Edmund Husserl says: “The world originates within us, as Descartes led men to recognize.” This is a turn to interiority, the ‘inside is better’ as St Augustine says. Religion is what you do with your own interiority. Interiority is life of freedom. “Freedom… is not a quality added on or a property of my nature. It is very exactly the stuff of my being.” The subjectivity that we have thus arrived at, and which we have claimed to be truth, is not a strictly individual subjectivity. “Every man who adheres to determinism is a dishonest man,” …“This inability to not make a choice is absolute.” If man has once become aware that in his forlornness he imposes values, he can no longer want but one thing, and that is freedom, as the basis of all values. The ultimate meaning of the acts of honest men is the quest for freedom as such. Kierkegaard wrote that “Sickness is the natural state of the Christian.” In man there is an irrational hole. Sickness is the burden of living others’ values. My plan of life is always a journey of becoming, which means there is a nonbeing ahead of me. I am always catching up with my non-being. I am not becoming something altogether different. This change is clearly not a change in essence, but in being. But this non-being which the subject of becoming leaves behind must be of not-yet.
“Being is simply the condition of all revelation.” If world originates within us and revelation also originates within us – they are gifts and revelations. Life is not something found in our path such as a purse and of which we decide to or not to avail ourselves. Awareness of one’s self as living is indeed to be aware of a former existence, and the role of reflection is here to recognize the prior participation with a reality which consciousness cannot encompass. There is I and someone else, unity and plurality, abstract identity and historic becoming. It can only be thought of from an angle of depth, where the now and the then, the near and the far, meet. We have a confused feeling that the man who steps aside from these ways, or even from the idea of these ways, is in danger of losing himself in a sort of no man is an island where the difference between truth and error even between reality and dream tends to vanish away. It is, however, this very image of truth as something smelted out that we must encounter critically if we want to grasp clearly the gross error on which it rests.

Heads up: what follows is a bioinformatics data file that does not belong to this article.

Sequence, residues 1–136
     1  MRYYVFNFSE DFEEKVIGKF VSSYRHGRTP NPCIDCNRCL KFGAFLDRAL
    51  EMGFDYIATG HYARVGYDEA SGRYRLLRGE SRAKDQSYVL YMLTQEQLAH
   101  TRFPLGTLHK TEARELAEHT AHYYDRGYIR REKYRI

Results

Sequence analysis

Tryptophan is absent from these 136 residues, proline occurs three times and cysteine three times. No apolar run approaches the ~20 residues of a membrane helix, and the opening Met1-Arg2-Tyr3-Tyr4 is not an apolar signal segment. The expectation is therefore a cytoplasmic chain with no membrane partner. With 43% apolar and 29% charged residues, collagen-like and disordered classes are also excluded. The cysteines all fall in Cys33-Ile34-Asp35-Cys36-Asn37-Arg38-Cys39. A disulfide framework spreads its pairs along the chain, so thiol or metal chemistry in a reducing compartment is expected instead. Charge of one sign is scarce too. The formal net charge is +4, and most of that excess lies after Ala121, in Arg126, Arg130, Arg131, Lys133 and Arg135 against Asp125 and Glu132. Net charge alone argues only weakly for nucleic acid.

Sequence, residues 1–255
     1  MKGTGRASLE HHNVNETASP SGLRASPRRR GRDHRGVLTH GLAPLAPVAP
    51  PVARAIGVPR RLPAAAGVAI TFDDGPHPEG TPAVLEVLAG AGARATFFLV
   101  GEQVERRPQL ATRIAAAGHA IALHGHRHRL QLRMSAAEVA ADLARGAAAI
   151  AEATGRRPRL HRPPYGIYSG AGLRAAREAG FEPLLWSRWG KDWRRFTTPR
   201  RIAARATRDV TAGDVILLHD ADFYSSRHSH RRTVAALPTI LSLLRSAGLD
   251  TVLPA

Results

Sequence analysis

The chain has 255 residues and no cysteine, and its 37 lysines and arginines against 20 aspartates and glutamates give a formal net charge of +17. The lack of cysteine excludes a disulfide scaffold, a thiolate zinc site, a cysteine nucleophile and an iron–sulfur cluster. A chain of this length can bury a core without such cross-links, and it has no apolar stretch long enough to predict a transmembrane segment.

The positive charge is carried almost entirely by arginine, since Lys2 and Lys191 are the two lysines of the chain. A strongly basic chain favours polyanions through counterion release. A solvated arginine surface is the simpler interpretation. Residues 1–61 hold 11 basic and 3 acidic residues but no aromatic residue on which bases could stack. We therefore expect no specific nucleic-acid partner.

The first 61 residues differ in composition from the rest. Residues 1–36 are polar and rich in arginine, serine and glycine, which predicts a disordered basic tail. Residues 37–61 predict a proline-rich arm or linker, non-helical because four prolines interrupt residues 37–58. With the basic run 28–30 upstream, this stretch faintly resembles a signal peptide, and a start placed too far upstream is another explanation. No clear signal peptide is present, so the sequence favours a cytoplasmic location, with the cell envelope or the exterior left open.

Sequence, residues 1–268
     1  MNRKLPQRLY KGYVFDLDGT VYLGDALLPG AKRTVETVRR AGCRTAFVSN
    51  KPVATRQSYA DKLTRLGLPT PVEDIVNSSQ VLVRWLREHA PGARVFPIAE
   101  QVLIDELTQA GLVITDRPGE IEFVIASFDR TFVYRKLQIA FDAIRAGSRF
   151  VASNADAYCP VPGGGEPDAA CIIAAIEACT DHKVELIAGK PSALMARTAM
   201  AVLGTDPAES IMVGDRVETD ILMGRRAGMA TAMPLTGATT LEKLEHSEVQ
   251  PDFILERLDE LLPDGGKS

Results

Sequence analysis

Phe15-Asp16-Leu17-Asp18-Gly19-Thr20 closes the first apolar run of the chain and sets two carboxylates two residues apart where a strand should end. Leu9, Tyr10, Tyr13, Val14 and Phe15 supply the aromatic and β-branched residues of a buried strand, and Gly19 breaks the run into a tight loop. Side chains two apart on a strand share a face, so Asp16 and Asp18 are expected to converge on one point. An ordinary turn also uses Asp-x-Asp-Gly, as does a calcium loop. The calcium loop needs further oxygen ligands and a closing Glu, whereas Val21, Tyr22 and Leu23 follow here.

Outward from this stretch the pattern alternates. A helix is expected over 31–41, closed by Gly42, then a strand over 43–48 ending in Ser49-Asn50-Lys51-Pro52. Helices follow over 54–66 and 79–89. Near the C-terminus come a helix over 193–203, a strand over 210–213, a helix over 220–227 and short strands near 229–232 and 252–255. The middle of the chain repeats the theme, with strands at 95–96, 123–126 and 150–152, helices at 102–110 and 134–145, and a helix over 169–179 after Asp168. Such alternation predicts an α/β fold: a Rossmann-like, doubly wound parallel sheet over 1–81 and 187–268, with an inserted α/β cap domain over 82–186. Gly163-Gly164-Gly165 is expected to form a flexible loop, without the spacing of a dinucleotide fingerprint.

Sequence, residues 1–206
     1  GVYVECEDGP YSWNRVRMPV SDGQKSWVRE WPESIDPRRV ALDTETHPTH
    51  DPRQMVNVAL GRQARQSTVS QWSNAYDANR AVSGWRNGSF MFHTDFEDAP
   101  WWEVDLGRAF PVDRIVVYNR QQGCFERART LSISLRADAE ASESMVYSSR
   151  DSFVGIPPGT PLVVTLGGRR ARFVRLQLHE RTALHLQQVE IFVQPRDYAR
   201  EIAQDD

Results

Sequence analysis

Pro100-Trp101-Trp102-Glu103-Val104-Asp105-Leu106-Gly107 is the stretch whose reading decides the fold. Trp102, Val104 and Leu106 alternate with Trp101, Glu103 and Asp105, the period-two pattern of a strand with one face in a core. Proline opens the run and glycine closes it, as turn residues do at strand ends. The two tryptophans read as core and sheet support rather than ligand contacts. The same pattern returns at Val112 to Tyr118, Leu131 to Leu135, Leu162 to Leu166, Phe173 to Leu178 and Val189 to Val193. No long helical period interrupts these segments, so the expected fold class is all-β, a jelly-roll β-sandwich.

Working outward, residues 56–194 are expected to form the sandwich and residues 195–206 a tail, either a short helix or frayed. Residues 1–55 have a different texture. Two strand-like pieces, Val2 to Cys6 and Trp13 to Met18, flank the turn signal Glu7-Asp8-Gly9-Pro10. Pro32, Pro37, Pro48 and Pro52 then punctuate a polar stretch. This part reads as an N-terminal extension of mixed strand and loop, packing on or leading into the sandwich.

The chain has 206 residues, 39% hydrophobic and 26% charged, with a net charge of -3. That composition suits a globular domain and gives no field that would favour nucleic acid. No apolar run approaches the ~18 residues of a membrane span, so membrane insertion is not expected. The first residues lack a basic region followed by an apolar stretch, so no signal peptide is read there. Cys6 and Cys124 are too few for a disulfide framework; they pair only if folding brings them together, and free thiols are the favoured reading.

“Bad faith” means, for Sartre, dishonesty. However, dishonesty without any moral criteria, simply means a certain inconsistency in the face of “reality.” The coward makes himself cowardly, and the hero makes himself heroic. There is no doctrine more optimistic, since man’s destiny is within himself, but the within is a world of gifts which includes the consciousness of the gifts. It here man bows and kneels and prays. This is the finding of oneself in God, which is a finding of the grammar of life. Man must accept the situation in which he finds himself, and yet he is responsible for this situation. Every man is aware of what he is, and the full responsibility of his existence rest on him. Every action of man is subject to a moral interpretation. Nothing is excusable, man is responsible for his passion. Moral choice is to be compared to the making of a work of art. In choosing his ethics, man makes himself. There is a universality of man, but it is not given, it is perpetually being made.
Man is able to look beyond the written words of Christian dogma and the snares of secular society and begin the inward journey to the true self. Man seeks “the idea for which I am willing to live and die” in addition to the solution to the “riddle of life.” Money, power and sex attempt to penetrate into the “hearts and minds” of individuals – the two places that have yet to be commoditized. There is the moment when the art of moral life becomes the art of deception of performances.